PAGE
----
Below is the HillCo client report from the June 26 House Natural Resources Committee hearing.

The committee met to hear agency updates and to consider the following interim charge:
Monitor the implementation of HB 4 (83R) and SJR 1 (83R) and the progress of the Texas Water Development Board and other entities in implementing this legislation to provide a stable, long-term funding source for the State Water Plan.
L’Oreal Stepney, Texas Commission on Environmental Quality (TCEQ)

  • In response to the Sunset bill, all basins without a watermaster program are being evaluated; currently looking at Sabine and Neches river basins and should have the review completed by the end of August; next year will study the Canadian and Red river basins followed by the Sulphur and Cypress river basins
  • Rep. Jim Keffer asked about opposition in the upper basin from Possum Kingdom down; will that prevent the watermaster from being successful because it is not a full basin authority
    • Don’t believe it will; did not really see a threat in the upper basin, it is either really dry or flooding; if there is an issue the watermaster can still work with field office staff in the upper basin
  • For the Rio Grande, there was recently an issue where notice was given of a spill in Rio Salado on the Mexican side; Laredo office was notified by text message, a substance was released into the water and would reach the Rio Grande in four days; there was no information on type of substance or quantity; tried to find more information but it wasn’t available; notified public water systems that divert directly from Falcon and downstream diverters; staff made observations and sent samples to a lab to get feedback
  • Rep. Eddie Lucio noted this was a big deal in South Texas; a majority of water that people use comes from the river; believes there are no monitoring systems in Mexico that can alert us that contaminant has been placed in the river
    • There is a concern that that type of system does not exist
  • Lucio noted a contingency plan should be implemented in case a pollutant requires that water be taken from another source
  • Have been working on the Lower Colorado River Authority (LCRA) water management plan review; they have 799,000 acre feet in the lakes; LCRA needs a much better drought management plan which needs to respond to changing conditions
    • Towards the fall, should be taking public comment on the updated draft of the water management plan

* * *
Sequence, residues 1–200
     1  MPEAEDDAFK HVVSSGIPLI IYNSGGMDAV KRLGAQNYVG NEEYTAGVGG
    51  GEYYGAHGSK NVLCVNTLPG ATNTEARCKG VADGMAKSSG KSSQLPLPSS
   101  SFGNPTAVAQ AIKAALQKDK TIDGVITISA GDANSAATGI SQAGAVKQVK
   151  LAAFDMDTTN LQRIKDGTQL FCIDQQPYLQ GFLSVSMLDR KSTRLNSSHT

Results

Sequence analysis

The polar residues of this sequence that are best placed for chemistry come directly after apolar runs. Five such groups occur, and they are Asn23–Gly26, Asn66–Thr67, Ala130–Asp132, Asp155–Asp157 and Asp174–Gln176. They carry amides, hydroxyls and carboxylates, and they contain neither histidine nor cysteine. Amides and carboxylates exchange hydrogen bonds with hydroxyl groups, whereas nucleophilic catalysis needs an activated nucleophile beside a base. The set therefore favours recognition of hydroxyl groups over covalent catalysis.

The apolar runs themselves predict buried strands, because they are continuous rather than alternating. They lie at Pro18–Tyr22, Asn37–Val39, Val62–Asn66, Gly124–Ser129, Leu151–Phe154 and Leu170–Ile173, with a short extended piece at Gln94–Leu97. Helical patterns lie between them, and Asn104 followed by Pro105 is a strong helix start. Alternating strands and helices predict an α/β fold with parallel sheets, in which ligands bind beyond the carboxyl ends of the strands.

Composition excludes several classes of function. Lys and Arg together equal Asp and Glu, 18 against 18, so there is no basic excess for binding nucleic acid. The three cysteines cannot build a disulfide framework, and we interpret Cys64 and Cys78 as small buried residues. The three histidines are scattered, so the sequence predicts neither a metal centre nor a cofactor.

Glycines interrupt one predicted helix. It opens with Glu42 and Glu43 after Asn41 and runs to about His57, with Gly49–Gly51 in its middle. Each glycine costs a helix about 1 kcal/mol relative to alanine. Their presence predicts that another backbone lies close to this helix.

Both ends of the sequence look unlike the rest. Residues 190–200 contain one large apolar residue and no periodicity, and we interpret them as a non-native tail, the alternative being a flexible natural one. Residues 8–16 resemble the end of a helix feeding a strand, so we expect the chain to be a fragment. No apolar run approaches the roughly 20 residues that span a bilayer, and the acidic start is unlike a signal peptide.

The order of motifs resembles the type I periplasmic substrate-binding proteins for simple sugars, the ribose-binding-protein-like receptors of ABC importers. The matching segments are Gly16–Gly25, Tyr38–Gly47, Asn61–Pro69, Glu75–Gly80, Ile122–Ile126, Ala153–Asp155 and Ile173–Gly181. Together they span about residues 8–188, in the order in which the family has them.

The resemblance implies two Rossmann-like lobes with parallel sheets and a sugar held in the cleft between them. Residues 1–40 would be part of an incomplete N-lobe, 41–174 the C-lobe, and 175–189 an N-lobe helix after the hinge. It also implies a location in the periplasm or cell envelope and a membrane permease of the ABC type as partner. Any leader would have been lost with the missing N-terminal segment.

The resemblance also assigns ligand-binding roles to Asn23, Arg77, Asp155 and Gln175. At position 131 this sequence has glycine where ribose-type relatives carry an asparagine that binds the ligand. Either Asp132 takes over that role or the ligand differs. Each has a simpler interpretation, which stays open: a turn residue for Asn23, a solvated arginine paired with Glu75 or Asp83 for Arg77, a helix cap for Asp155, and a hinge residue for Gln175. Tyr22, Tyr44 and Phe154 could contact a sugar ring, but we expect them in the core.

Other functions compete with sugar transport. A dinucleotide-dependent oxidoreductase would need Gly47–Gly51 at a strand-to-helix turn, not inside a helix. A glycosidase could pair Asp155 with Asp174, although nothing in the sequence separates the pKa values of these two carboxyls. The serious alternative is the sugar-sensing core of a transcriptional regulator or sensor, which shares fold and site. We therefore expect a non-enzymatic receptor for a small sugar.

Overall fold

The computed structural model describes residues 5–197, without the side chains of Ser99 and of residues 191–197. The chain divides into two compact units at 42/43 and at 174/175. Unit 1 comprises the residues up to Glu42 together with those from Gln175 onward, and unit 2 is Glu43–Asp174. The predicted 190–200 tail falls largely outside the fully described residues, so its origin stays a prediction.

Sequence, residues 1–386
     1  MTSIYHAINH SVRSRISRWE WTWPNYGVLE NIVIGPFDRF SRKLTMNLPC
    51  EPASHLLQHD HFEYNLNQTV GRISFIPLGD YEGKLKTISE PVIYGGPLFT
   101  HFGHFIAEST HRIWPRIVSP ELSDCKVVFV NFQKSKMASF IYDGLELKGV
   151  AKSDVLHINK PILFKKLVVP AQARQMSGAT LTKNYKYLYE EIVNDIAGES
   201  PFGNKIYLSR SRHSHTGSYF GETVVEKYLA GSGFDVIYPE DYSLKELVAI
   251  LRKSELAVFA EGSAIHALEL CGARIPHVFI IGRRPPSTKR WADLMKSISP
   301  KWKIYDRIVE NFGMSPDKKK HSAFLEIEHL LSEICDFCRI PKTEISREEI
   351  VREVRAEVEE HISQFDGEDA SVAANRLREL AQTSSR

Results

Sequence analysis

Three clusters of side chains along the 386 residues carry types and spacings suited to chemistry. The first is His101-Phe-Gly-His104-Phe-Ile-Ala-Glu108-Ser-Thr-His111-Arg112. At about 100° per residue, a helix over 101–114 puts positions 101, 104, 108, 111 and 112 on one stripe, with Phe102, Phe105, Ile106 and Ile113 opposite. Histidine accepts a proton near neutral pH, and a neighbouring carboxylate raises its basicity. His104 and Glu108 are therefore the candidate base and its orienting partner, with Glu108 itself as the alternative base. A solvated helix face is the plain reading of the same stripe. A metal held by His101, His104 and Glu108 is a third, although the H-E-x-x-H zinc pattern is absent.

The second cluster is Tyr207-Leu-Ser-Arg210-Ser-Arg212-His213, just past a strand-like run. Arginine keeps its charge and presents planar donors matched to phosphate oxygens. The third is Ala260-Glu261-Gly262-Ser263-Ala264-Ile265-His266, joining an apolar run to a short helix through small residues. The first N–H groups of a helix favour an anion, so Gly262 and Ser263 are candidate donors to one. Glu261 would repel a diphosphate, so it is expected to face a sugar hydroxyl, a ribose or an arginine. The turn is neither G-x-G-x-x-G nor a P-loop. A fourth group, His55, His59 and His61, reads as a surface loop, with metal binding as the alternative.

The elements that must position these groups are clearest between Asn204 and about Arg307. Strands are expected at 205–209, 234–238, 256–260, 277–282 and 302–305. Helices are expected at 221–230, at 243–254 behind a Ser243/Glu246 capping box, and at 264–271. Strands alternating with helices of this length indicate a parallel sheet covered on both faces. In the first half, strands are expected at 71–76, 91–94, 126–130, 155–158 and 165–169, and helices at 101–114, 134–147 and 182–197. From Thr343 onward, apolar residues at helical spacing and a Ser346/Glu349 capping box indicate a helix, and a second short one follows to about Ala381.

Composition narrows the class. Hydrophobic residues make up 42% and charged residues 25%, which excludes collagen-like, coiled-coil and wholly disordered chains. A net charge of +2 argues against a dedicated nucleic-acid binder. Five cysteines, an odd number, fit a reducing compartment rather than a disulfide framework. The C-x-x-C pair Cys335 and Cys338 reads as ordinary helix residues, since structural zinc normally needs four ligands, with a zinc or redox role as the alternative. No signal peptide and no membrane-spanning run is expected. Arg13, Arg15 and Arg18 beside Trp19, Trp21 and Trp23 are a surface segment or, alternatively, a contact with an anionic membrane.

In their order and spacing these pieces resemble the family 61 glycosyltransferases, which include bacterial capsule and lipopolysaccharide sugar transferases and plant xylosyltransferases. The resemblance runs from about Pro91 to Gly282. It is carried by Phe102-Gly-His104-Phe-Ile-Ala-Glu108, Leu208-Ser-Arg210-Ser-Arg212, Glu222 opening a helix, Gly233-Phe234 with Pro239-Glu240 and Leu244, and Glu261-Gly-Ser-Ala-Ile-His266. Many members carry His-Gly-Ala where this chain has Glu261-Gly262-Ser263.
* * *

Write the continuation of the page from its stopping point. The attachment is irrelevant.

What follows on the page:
• Texas is very close to being in the worst drought on record; the drought of the 1950s still holds the record
  • Brazos River Authority has a pending application and has developed a water management plan including TCEQ updates to environmental flow standards
  • Doing a rulemaking to incorporate HB 3233 (83R) relating to interbasin transfers
    • Plan to go to the commission in August to adopt those rules
  • Rep. Doug Miller asked if there is an ongoing conversation regarding bed and banks permitting; recent GBRA declaratory judgment case; judge ruled beyond what had been the standard for those cases; seeing more and more municipalities wanting to retain their effluent; if more and more communities are trying to keep their return flows there will be a problem with basin estuaries and for all people downstream
    • There are more communities trying to reuse their wastewater which therefore would not be flowing downstream
  • Miller noted the highland lakes have a prohibition on that; is that a TCEQ (Texas Commission on Environmental Quality) rule
    • It is a TCEQ rule which has been in place since the 1980s
    • Kellye Rila, with TCEQ replied that there are several ways TCEQ looks at protecting existing water rights and also the environment in the bed and banks process; when a water availability analysis is done, model run does not include return flows; always assume water is consumed at 100%  for surface water; in the case of groundwater, the discharger retains ownership
  • Miller asked if there are any conflicts with overlapping authority between state agencies that may inhibit the way TCEQ does their job; example: Railroad Commission and TCEQ with water quality
    • Sometimes there are jurisdictional questions; generally TCEQ works with the other agency to determine who has authority
  • Miller noted thee is at least one lawsuit where a groundwater conservation district is trying to usurp authority from the TCEQ; the committee needs to be informed when there are problems like that